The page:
Ultimately, we’re already on the right path with a science-based system that evaluates and minimizes risks of new technology while leveraging its benefits, writes columnist Chris Duyvelshoff.
Crop protection columnist Chris Duyvelshoff offers real-life examples of voluntary risk, involuntary risk and risk acceptability.
While more difficult and slower to do remotely, Minor Use is making progress this year and there will be priority projects happening at some point from the 2020 list. Columnist Chris Duyvelshoff describes the process for moving forward with research priorities.
The current model clearly has some serious deficiencies and that’s led to some poor outcomes for all stakeholders. The future view is looking much brighter writes columnist Chris Duyvelshoff.
Despite biopesticides now representing about 30% of total active ingredients registered in Canada, Chris Duyvelshoff points out that their use is nowhere near 30% of top crop protection applications.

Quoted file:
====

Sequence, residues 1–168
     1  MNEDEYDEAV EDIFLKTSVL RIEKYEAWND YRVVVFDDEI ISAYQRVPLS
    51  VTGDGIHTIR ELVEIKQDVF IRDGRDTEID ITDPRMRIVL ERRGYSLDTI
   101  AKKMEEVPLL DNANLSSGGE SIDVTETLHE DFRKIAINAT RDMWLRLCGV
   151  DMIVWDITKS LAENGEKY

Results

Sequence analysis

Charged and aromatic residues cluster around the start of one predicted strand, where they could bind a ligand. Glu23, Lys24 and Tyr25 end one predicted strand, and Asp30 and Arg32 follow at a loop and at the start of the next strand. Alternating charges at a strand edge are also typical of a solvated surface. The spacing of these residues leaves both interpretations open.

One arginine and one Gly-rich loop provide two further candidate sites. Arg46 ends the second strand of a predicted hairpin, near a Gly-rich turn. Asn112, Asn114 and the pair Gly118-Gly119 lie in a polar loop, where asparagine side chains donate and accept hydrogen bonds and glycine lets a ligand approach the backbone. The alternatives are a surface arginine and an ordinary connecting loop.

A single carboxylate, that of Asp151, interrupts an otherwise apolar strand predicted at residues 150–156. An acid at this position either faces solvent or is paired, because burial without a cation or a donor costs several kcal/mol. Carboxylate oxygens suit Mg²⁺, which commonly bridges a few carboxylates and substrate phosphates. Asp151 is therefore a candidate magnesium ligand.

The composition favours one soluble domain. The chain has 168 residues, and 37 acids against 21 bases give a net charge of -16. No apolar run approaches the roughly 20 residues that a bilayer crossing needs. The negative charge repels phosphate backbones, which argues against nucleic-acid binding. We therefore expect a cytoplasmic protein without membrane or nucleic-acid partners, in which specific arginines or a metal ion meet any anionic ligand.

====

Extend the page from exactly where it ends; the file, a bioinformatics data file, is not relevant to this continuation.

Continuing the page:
Chris Duyvelshoff shares his wish list for the 2020s: global registrations, global re-evaluations and greater efforts on building public trust.
The Better for People, Smarter for Business Act plans to eliminate Ontario’s duplicative and inefficient classification system for crop protection products writes Chris Duyvelshoff.
Despite significant progress on collaboration during new registrations, the re-evaluation process at PMRA or the equivalent registration review at EPA is far from aligned. This was evident at the recent NAFTA Trilateral Working Group meetings in the United States.
It’s a confusing landscape whenprovincial and state governments, along with smaller scientific and regulatory departments, reviewing less extensive datasets, reach opposite conclusions on crop protection products. As columnist Chris Duyvelshoff writes, let the federal agencies handle the file.
With several products removed from the arsenal by the Pest Management Regulatory Agency, otherinsecticidal groups will be forced to take on more of the load in the near future, notably the diamides and spinosyns.